1. Leave granted in all the SLPs.
2. All these SLPs arise out of an order of the Orissa High Court made in Miscellaneous Case No. 11005 of 2012 in Writ Petition (Civil) No. 11785 of 2012 on 2nd August, 2012. The said writ petition was filed by the Appellant in the appeal arising out of Special Leave Petition (C) No. 38013 of 2012 i.e. M/s. Auroglobal Comtrade Pvt. Ltd. (hereinafter referred to as Auroglobal).
3. Since the appeals at hand require examination of the rights and obligations arising under the Major Port Trusts Act, 1963, we deem it appropriate to examine the scheme of the said Act, insofar as it is irrelevant.
Paradeep Port is a major port as defined under Section 3 Sub-section (8) 1 of the Indian Ports Act, 1908. The activities of all major ports including the Paradeep Port are regulated by various enactments such as the Indian Ports Act, 1908 and the Major Port Trusts Act, 1963 (hereinafter referred to as "the Act") etc. The Act stipulates under Section 3 that the Central Government shall cause to be constituted a Board of Trustees with respect to each of the major ports. Such Boards are declared to be bodies corporate. The second Respondent in the appeal arising out of SLP(C) No. 26321 of 2012 (also a Respondent in all the appeals), described (wrongly) as Paradeep Port Trust is one such Board of Trustees constituted under Section 3 of the Act. But for the sake of convenience hereinafter will be referred to as the 'Board'. Each such Board is authorised under Section 37 to compel any sea-going vessel within the port or "port approaches" 2 to use the various facilities provided by the Board. Section 35 enumerates the various facilities and services at the port which can be undertaken by the Boards. Section 48 of the Act authorises the framing of a "scale of rates" for any one of the services rendered by a Board. Such a scale of rate is required to be notified in the official gazette. The scale of rates is required to be framed by the Tariff Authority for Major Ports constituted under Section 47A3.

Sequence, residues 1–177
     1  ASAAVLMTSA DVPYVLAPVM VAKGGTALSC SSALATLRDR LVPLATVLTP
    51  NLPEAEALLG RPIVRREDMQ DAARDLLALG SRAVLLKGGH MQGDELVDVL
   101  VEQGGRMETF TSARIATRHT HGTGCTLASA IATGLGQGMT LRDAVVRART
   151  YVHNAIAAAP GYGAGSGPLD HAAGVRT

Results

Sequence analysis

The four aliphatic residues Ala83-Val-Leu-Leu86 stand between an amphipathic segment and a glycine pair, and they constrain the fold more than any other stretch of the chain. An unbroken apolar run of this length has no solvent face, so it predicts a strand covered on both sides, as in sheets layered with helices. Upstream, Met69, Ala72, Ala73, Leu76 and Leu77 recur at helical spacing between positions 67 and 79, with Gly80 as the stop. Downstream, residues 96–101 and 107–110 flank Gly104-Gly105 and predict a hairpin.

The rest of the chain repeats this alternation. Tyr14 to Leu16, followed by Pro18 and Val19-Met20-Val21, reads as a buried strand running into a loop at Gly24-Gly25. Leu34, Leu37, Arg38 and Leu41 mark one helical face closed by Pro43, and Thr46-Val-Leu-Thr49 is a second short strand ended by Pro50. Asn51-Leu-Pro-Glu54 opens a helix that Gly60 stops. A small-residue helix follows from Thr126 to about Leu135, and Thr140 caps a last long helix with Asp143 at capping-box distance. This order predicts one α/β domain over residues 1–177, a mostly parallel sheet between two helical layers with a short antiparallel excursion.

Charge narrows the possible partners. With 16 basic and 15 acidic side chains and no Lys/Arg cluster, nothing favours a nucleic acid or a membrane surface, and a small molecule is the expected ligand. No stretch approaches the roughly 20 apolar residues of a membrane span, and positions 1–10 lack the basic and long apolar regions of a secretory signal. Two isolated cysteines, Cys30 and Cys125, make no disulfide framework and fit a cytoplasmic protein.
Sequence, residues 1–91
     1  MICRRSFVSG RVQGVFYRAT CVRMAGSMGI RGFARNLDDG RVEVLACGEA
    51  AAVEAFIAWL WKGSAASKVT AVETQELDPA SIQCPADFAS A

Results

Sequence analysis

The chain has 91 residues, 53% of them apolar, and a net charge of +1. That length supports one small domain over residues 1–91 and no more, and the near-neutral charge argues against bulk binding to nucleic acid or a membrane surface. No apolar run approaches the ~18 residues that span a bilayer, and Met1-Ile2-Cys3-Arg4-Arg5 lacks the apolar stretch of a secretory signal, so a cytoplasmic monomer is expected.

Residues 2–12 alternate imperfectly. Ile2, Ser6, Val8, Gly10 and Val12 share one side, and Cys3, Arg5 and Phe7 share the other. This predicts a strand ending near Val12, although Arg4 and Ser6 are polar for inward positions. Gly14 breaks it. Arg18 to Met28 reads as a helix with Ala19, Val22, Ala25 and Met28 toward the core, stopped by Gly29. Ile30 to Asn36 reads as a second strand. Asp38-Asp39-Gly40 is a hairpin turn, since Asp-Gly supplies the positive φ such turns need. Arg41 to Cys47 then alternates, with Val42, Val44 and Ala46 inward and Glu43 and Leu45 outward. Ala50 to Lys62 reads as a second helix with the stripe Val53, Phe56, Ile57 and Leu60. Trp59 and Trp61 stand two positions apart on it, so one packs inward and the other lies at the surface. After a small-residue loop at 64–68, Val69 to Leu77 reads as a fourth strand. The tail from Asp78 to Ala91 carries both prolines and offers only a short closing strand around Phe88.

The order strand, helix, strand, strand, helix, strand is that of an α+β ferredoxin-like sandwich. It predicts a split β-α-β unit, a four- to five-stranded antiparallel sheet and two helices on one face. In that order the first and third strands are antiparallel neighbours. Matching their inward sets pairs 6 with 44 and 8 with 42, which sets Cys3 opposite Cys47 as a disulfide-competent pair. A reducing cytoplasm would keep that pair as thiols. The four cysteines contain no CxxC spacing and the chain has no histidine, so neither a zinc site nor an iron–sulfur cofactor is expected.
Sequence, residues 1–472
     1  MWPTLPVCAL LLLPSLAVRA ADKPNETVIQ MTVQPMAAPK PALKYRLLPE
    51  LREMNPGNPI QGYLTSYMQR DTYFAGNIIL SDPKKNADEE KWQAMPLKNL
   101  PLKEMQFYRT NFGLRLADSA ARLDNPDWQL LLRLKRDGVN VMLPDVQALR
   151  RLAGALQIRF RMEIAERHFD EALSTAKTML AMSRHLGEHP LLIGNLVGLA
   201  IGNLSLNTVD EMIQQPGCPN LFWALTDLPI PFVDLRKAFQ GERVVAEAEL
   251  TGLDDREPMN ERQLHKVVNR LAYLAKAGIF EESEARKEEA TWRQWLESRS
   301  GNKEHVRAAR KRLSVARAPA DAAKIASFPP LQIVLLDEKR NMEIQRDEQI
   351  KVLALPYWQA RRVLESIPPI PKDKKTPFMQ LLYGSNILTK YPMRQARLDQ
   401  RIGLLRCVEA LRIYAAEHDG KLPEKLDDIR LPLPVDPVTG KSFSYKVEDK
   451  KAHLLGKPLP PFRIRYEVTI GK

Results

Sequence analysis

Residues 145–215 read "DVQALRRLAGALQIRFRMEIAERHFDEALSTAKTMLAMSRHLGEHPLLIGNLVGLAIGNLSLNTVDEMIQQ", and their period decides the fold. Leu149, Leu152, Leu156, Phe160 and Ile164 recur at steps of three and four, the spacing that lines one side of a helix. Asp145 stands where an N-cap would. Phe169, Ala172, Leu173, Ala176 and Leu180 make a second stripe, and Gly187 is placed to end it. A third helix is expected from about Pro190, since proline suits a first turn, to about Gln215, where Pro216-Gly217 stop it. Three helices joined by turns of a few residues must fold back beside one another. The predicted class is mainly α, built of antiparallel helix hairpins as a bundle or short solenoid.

4. Section 49 of the Act, 1963, as it stands today reads as follows:
49. Scale of rates and statement of conditions for use of property belonging to Board-(1) The Authority shall from time to time, by notification in the Official Gazette, also frame a scale of rates on payment of which, and a statement of conditions under which, any property belonging to, or in the possession or occupation of, the board, or any place within the limits of the port or the port approaches may be used for the purposes specified hereunder-
(a) approaching or lying at or alongside any buoy, mooring, wharf, quay, pier, dock, land, building or place as aforesaid by vessels;
(b) entering upon or plying for hire at or on any wharf, quay, pier, dock, land, building, road, bridge or place as aforesaid by animals or vehicles carrying passengers or goods;
(c) leasing of land or sheds by owners of goods imported or intended for export or by steamer agents;
(d) any other use of any land, building, works, vessels or appliances belonging to or provided by the Board.
(2) Different scales and conditions may be framed for different classes of goods and vessels.
(3) Notwithstanding anything contained in Sub-section (1), the Board may, by auction or by inviting tenders, lease any land or shed belonging to it or in its possession or occupation at a rate higher than that provided under Sub-section (1).
5. It is necessary to notice here that Sub-section (3) was inserted by Act 17 of 1982 with effect from 31.5.1982. For the present, it is sufficient to note that Section 49 also authorises the authority constituted under Section 47A to frame a "scale of rates" for using any property either belonging to or in the possession or occupation of the Board. The distinction between Sections 48 and 49 is that while Section 48 deals with the scale of rates for the services to be rendered by the Board, Section 49 deals with the scale of rates for the utilisation of the property (both moveable and immovable) of the Board.